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By Dave Lindorff
We’ve all heard it said by our teachers when we were in school, we’ve all heard it said by politicians, including presidents: “Democracies don’t start wars.”
Washington D.C. (August 9, 2012) – Article 1, Section 8 of the United States Constitution grants Congress the sole authority to authorize or declare war. Yet, instead of getting authorization from Congress, Presidents of late have preferred to get “authorization” from the United Nations or other international bodies instead of Congress for the participation of U.S. Armed Forces in hostilities. Most recently, the President authorized U.S. military action in Libya through the North Atlantic Treaty Organization (NATO), with the “authorization” from the United Nation’s Security Council. That is not a substitute for a Congressional declaration of war or authorization for the use of military force and it is in clear subversion of the Constitution.
Today, Congressman Dennis Kucinich (D-OH) announced legislation, H.R. 6290, that would prohibit the deployment of a unit or individual of the U.S. Armed Forces or an element of the intelligence community in support of a NATO mission absent prior statutory authorization for such deployment from Congress, as enshrined in Article 1, Section 8 of the Constitution.
“There is no doubt that another war of choice can happen again at any time. After 10 years and trillions of dollars spent waging wars in Iraq and Afghanistan, it is clear that we cannot afford to further commit our already overcommitted military. The war in Libya cost the United States $1 billion.
“According to NATO’s website, NATO is currently operating in Afghanistan, Kosovo, the Mediterranean Sea, the Horn of Africa and Somalia. Other recent NATO operations have taken place in Bosnia and Herzegovina, the Former Yugoslav Republic of Macedonia, Iraq, Greece, Pakistan, Sudan, the Gulf of Aden, and most recently, Libya. Even 13 years after a U.S.-NATO led intervention, 5,576 NATO troops (PDF) remain in Kosovo. Seven hundred eighty one of them are U.S. troops.
“Congress must reestablish itself as a coequal branch of government and ensure that the U.S. is not committed to another NATO mission absent prior Congressional statutory authorization,” said Kucinich. “The Constitution is clear: Article 1, Section 8 provides only Congress with the ability to declare war or authorize the use of military force. Congress cannot stand by idly as the Constitution is circumvented.”
By Dave Lindorff
This article originally appeared on the website of PressTV
From Dennis Kucinich
Washington D.C.(August 8, 2012) – Congressman Dennis Kucinich (D-OH) who has led the effort in Congress to ensure the safety of nuclear power plants, today issued the following statement after the Nuclear Regulatory Commission announced it will suspend licensing and relicensing of nuclear power plants until the NRC can find a way to deal with nuclear waste disposal.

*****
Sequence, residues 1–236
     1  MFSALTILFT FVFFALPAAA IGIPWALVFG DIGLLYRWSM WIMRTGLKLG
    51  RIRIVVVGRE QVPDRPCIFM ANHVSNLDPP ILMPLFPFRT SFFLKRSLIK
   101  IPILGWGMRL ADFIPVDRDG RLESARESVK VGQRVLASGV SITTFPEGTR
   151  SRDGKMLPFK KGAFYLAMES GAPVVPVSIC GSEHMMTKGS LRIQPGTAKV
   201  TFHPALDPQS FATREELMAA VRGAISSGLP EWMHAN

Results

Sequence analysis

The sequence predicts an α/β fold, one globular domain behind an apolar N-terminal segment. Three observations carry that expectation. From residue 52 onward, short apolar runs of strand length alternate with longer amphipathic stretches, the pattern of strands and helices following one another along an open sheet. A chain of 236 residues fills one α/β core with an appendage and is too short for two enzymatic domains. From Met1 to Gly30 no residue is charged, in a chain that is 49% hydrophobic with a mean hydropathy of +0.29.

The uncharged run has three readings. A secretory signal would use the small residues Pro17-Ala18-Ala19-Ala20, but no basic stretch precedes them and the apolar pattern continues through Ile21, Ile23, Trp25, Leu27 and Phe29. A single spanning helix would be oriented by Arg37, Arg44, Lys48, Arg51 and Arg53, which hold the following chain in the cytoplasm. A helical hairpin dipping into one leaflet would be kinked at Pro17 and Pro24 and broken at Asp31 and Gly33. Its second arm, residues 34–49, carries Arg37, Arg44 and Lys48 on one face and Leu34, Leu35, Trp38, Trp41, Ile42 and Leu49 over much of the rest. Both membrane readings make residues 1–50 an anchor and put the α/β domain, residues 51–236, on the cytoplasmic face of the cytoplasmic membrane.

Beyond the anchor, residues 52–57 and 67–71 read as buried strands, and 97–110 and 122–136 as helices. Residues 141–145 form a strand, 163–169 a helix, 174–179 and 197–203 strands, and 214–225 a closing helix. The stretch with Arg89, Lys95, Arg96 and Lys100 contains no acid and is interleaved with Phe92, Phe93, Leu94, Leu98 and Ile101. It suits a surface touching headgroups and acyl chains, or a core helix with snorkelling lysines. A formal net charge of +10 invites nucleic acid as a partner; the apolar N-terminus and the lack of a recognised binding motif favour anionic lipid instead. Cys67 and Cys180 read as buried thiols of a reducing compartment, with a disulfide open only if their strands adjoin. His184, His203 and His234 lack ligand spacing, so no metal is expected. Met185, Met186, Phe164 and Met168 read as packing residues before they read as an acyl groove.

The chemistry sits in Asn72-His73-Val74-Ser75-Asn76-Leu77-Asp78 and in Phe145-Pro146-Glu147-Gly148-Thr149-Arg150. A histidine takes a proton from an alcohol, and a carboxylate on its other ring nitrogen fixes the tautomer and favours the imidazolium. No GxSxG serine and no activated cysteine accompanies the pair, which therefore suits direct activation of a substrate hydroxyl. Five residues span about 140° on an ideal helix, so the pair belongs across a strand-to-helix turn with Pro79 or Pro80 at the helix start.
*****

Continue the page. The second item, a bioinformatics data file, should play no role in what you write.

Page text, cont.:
“We have had half a century to find a good solution to the problem of nuclear waste, and we are no closer now than we were in the 1960s. That is because there is no ‘good solution.’ We will never be able to find a risk-free method of storing nuclear waste.
By Dave Lindorff
This article was originally written forPressTV
We Americans are taught it in school. The propaganda put out by Voice of America repeats the idea ad nauseum around the globe. Politicians refer to it in every campaign speech with the same fervor that they claim to be running for office in response to God’s call: America is a model of democracy for the whole world.
But what kind of democracy is it really that we have here?
“Is the U.S. Closer to a War of Choice?”
Did House Pass Audit the Fed Bill Because Senate Committed to Killing It? Or Is the Problem the Democrats?
Legislation to subject the Federal Reserve's monetary policy to audits sailed through the U.S. House of Representatives on Wednesday although the measure is expected to die in the Democrat-controlled Senate.
The legislation, written by Republican representative Ron Paul, whose anti-Fed crusade prompted a presidential bid and his grass-roots folk-hero status, passed the House by a 327-98 vote on Wednesday, exceeding the two-thirds majority needed.
Eighty-nine Democrats joined 238 Republicans to approve it.
Fed officials have long fought the audit bill, arguing it would compromise their independence. Chairman Ben Bernanke told House lawmakers last week it would open the door to a "nightmare scenario" of political meddling in monetary policy decisions.
We lost 202-216 on cutting military NASCAR sponsorships. We could have used a tiny bit more push. In contrast, the proposal to cut military band $$ lost 166-250 with nobody pushing against it at all.
CNN/ORC Poll. March 24-25, 2012. N=1,014 adults nationwide. Margin of error ± 3.
"Do you favor or oppose the U.S. war in Afghanistan?"
H R 5856 RECORDED VOTE 18-Jul-2012 10:25 PM
AUTHOR(S): Second Lee of California Amendment
QUESTION: On Agreeing to the Amendment
Sent to Congress on your dime from the National Guard: